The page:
There are quite a few things about life that still mystify me, even after all these years.

Why do dogs chase their tails, even after they’ve caught them? Why do people with expensive cars intentionally take up two parking spaces in crowded parking lots?

And why does my aging body still do daily battle with acne?

That’s a question I asked myself the other morning while contorting my face in the mirror right before I gummed my oatmeal and applesauce. It’s not exactly a traditional resolution, I suppose, but surely there must be a way to rid myself of facial blemishes in the new year.

The fact that acne is a problem that just now has risen to the top of my list probably says a lot about my life, especially since the issue continued to clog my brain on the drive to work and even as I fired up the computer to see what had filled my inbox overnight.

And then I read the short email: A good friend was apologizing that a golf outing we were planning a few months down the road probably wouldn’t be happening because he just found out he had esophageal cancer.

I read the few sentences in the email a couple of times, not so much because I didn’t understand what he was saying but because I didn’t want to understand. And then I did what most people would do — I Googled “esophageal cancer” because I didn’t know much about it.

And a few clicks into my research, after soberly noting that the most recommended form of treatment involves finding a “clinical trial”, I saw the numbers: About 16,640 new cases of esophageal cancer are diagnosed in the United States each year, and about 14,500 people die of the disease each year.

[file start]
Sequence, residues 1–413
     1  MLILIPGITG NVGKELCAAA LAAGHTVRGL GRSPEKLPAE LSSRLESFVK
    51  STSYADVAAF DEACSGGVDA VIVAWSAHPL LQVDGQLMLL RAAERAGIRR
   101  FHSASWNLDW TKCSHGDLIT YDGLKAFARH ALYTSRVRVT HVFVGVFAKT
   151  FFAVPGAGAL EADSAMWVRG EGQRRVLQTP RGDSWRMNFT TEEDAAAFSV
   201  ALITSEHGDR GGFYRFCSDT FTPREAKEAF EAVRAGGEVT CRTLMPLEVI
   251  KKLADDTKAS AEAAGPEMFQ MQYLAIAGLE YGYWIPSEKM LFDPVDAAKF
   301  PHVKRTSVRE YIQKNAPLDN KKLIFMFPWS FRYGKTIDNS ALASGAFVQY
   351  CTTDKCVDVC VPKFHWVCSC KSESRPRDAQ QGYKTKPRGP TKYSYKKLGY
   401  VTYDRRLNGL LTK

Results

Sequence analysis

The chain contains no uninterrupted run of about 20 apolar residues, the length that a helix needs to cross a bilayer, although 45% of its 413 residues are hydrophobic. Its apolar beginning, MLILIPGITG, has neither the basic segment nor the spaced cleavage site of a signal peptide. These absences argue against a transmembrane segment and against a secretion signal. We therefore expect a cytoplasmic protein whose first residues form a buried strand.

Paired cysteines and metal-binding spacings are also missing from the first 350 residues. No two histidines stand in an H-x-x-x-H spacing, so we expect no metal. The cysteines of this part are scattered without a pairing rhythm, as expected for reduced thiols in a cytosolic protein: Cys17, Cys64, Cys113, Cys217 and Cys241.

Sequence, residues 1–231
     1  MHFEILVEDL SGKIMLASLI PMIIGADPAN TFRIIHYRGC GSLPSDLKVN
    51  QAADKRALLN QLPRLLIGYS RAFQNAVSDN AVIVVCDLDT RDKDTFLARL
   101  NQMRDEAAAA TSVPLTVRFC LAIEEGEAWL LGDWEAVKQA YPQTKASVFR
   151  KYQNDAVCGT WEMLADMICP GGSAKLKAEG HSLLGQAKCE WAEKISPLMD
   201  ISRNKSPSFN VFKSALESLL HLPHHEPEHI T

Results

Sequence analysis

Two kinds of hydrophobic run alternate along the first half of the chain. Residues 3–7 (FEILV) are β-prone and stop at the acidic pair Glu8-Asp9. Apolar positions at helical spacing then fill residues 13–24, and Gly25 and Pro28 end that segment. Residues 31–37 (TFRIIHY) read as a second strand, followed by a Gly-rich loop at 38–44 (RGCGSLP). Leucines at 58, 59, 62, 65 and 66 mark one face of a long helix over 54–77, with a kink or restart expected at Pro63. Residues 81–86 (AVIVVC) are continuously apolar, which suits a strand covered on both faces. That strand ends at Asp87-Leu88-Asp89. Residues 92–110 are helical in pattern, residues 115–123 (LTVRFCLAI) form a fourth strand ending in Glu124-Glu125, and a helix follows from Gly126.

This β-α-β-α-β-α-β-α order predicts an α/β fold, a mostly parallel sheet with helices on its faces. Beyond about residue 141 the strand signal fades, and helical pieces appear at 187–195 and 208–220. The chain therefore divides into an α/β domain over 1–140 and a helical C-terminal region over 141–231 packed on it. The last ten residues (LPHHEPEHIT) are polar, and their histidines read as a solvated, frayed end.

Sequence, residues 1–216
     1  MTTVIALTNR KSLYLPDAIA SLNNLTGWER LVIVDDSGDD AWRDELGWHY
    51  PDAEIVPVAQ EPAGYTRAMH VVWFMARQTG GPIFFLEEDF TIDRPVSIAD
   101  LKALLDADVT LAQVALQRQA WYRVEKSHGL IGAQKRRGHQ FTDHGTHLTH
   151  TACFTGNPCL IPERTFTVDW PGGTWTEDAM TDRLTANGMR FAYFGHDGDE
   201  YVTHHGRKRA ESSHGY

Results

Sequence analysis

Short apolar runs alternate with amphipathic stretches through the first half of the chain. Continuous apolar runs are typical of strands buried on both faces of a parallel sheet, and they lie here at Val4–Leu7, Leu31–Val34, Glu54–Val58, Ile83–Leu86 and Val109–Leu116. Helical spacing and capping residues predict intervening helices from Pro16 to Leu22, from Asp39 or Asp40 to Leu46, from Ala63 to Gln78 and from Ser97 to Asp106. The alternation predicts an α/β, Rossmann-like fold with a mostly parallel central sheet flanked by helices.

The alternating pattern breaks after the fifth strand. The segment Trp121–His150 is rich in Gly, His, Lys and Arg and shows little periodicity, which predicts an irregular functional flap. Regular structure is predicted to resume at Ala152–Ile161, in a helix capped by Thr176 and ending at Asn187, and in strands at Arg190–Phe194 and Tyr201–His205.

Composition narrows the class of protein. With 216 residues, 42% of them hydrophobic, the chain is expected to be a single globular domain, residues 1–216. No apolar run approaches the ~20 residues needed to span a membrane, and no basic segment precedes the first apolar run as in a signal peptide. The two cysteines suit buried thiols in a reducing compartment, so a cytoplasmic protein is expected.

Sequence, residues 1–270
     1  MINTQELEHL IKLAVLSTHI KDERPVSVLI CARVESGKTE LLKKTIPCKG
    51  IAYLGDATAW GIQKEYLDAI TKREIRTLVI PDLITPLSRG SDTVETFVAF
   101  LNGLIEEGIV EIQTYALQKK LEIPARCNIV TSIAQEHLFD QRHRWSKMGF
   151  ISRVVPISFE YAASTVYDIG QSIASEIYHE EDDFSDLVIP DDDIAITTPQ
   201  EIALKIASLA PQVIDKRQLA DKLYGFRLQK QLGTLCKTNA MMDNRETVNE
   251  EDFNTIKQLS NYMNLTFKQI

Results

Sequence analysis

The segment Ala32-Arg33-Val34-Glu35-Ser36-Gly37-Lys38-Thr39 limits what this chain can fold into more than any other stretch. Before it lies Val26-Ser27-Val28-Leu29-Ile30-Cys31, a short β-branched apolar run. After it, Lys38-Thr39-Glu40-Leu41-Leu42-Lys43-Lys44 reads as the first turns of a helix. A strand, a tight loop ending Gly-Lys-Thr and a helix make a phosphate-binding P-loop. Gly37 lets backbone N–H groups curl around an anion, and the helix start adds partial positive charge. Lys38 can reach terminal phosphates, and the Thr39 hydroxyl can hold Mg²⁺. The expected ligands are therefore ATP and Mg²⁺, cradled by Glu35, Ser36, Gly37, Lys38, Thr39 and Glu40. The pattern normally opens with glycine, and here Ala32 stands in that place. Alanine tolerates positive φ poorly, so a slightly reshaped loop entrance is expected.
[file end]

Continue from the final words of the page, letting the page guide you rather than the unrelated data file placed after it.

As my friend, a real estate investment guy who single-handedly pulled me through our MBA accounting class, noted wryly when I talked with him later: “I’ve run the numbers, and they aren’t very rosy.”

His wife of 15-plus years took the news fairly well, he said, but their two teenagers sobbed uncontrollably. Surgery was out because his cancer already had snuck over to surrounding organs, so he was pinning hope on four progressively more aggressive rounds of chemotherapy, four 10-day blocks of hell that my friend said he “hoped to survive” in order to buy enough time for cancer researchers to find a cure for his at-the-moment virtually uncurable disease.

“There are still some things I don’t want to miss in my life,” he said, choking a bit as he spoke the words into his phone.

Hang in there, I told him; I couldn’t think of much else to say. Dealing with cancer is a mostly personal crusade, as much mental as physical, particularly when you know the odds don’t favor the outcome you want.

The conversation ended, the obligatory end-of-call greetings were exchanged, and we both cursed his situation without swearing or crying or raising our voices.

I worked my way through the rest of the day, completing my regular tasks and booking future meetings on my calendar and discussing future stories for our magazine. And I went home to fill in my wife about the day’s events.

As the day wound down, I found myself in the bathroom again, staring at the same blemished face that had given me so much pain that morning.

And I decided that maybe I wouldn’t spend so much time looking into the mirror tomorrow, because the reflection looking back at me seemed to be pointing in the wrong direction.

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